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Chopin Theatre’s “The SpongeBob Musical” Makes a Medium-Sized Splash

Associate Arts Editor Miki Mukawa spends an evening in a pineapple under the sea.
Kokandy%E2%80%99s+The+SpongeBob+Musical%2C+from+the+very+beginning%2C+did+an+excellent+job+of+making+it+feel+as+though+the+audience+had+been+dropped+into+the+middle+of+a+fantastical+underwater+world.
Evan Hanover
Kokandy’s “The SpongeBob Musical,” from the very beginning, did an excellent job of making it feel as though the audience had been dropped into the middle of a fantastical underwater world.

“How was your weekend?” I was asked by several people the Monday after I went to see Chopin Theatre’s The SpongeBob Musical. Upon my reply that I’d gone to see the show on Friday, July 7, I was met with the unanimous reaction: “Huh?”

Which is fair. What could one expect out of a SpongeBob SquarePants musical? Would the actors be wearing square- and star-shaped suits? Would the plot be based on an existing SpongeBob episode?

I walked into Chopin Theatre that Friday completely blind to what I was going to be seeing—in more ways than one. As a child, I was barred from watching SpongeBob and his friends’ adventures in Bikini Bottom. My parents had, probably, watched five minutes of the show with my five-year-old self and had deemed the show’s sexual innuendos much too vulgar for their daughter.

The theater was rather small and cozy and was lined with large plastic bubbles. The lighting, which illuminated all of the theater’s seats, was set to a deep ocean blue. On stage, a projector screen quietly played clips of SpongeBob. In the far-left-hand corner of the stage, the orchestra played tropical tunes and ocean-inspired sound effects designed by Foley artist Ele Matelan (whose bubble noises and squelches of Squidward’s footsteps throughout the show were a highlight). Around 10 minutes before the show’s official start time, an actor dressed as a pirate shuffled his way to the front of the stage and began quietly conversing with the children in the audience. Kokandy’s The SpongeBob Musical, from the very beginning, did an excellent job of making it feel as though the audience had been dropped into the middle of a fantastical underwater world.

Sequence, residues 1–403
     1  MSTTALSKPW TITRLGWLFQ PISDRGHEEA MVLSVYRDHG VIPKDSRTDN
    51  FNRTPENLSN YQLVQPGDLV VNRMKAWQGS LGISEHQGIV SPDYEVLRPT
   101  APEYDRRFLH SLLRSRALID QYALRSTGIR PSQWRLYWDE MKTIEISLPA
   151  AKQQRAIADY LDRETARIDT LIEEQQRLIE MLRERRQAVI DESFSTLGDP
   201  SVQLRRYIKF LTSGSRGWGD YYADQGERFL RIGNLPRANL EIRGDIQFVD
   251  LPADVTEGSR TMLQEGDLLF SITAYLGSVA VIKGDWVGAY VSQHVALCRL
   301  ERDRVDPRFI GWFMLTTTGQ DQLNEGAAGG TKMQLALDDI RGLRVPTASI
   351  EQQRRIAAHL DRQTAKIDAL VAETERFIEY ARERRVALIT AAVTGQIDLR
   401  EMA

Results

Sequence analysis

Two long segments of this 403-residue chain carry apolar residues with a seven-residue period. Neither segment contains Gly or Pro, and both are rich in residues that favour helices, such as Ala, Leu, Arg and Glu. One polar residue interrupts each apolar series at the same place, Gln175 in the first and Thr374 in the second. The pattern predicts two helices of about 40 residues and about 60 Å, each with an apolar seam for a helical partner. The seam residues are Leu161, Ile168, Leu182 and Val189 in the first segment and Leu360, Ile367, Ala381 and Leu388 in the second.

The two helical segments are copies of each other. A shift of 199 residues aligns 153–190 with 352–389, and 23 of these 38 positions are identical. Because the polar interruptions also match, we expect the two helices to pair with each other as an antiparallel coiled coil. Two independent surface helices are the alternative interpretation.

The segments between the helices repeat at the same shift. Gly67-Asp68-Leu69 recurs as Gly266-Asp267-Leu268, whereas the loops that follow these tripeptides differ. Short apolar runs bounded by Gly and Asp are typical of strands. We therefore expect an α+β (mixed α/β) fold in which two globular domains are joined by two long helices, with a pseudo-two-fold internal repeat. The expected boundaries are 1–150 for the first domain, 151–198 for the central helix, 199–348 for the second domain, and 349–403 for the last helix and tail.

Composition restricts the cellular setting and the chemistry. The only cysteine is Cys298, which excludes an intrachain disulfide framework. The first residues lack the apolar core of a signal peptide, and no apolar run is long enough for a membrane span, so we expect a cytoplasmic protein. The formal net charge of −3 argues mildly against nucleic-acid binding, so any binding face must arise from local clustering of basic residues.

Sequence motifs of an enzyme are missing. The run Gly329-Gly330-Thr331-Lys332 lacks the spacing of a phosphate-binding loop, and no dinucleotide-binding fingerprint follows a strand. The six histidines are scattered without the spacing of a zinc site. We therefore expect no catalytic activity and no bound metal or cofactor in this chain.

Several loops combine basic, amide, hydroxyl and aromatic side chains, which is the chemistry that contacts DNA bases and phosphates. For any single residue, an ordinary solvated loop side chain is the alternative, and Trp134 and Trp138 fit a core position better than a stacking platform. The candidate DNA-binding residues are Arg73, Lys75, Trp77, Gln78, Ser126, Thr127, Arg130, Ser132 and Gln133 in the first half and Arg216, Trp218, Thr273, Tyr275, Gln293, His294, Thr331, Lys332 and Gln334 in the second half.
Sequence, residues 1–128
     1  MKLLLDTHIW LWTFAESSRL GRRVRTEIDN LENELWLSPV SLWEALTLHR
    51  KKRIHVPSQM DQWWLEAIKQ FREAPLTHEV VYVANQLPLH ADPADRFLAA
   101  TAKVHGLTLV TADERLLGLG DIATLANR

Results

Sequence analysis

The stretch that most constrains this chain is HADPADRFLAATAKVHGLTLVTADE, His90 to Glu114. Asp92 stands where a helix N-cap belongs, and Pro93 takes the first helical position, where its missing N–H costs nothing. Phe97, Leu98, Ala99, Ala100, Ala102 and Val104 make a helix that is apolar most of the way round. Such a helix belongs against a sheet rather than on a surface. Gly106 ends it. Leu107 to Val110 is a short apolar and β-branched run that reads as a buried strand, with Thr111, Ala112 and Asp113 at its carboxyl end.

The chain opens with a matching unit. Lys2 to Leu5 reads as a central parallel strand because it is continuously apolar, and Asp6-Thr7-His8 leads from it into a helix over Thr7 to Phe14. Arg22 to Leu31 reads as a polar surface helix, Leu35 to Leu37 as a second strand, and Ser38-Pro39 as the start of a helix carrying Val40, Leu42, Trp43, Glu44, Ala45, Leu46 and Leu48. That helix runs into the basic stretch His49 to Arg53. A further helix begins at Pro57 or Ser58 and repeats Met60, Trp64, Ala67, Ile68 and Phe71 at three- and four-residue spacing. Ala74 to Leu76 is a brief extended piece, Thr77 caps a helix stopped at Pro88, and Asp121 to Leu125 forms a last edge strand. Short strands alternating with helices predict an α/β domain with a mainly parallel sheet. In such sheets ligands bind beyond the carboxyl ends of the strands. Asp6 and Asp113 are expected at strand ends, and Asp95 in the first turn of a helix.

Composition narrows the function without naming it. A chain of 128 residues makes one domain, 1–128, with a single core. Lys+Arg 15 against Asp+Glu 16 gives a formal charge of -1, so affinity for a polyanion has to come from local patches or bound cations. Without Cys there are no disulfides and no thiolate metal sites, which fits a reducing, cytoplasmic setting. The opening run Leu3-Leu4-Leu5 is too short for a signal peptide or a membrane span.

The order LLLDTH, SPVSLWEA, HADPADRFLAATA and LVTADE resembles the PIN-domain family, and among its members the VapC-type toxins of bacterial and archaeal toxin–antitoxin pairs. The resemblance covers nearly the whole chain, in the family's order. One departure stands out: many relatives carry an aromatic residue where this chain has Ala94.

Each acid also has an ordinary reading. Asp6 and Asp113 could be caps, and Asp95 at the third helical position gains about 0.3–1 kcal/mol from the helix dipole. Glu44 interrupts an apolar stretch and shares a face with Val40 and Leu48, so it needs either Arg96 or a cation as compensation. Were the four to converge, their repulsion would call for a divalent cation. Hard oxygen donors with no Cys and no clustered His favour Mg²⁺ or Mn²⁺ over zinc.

To answer some of the questions posed at the beginning: the actors were not wearing suits (instead, their costumes resembled the basic colors of their corresponding characters from the show), and the plot was not based on an existing episode. Instead, the story revolves around SpongeBob (Frankie Leo Bennett) and his friends’ (Isabel García as Patrick Star, Sarah Patin as Sandy Cheeks) quest to save Bikini Bottom from a volcanic eruption that threatens to destroy their town.

In the first act, the show’s self-awareness was refreshing; it knew that its biggest strength was to lean into the humor and absurdity of its premise. Both the script and songs were witty and elicited laughter from the audience. A palpable, infectious sense of joy radiated from the actors on stage in their energy and bright smiles.

Unfortunately, the second act fell short in comparison to the first. The show’s attempt at self-aware humor started to feel contrived, and it suddenly became clear that it was beginning to run into the problem of its own premise. The show, in the first act, was successful at making the experience enjoyable for all audiences—including adults. But there is only so much one can do to make the story of a sponge living under the sea feel high-stakes. We know that Bikini Bottom is going to be saved, because it would simply be wrong for it not to. And while the show does attempt to weave in a heartfelt message about the power of teamwork and community, it feels specifically targeted toward young children, with not much there for older audience members.

If I were to ask myself again, “What could one expect out of a SpongeBob musical?”, I would say that it’s exactly what you would expect out of a best possible attempt at a musical based on a cartoon show. It’s a bit campy, funny, and entertaining. But it’s also, ultimately, a kids show about a talking sponge, his starfish best friend, and a squirrel in an astronaut suit, with not much else below its aqua-blue surface.

“The SpongeBob Musical” played at the Chopin Theatre through September 3, 2023.

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Miki Mukawa
Miki Mukawa, Deputy Arts Editor, Grey City Reporter
Miki Mukawa is a third-year in the College studying English Language & Literature from Yokohama, Japan. When she's not finding an excuse to catch the latest show or grab some bites for the Arts section, you can find her poring over the hidden meanings behind Taylor Swift lyrics or saving cooking videos on Instagram (that she will, inevitably, never actually use).
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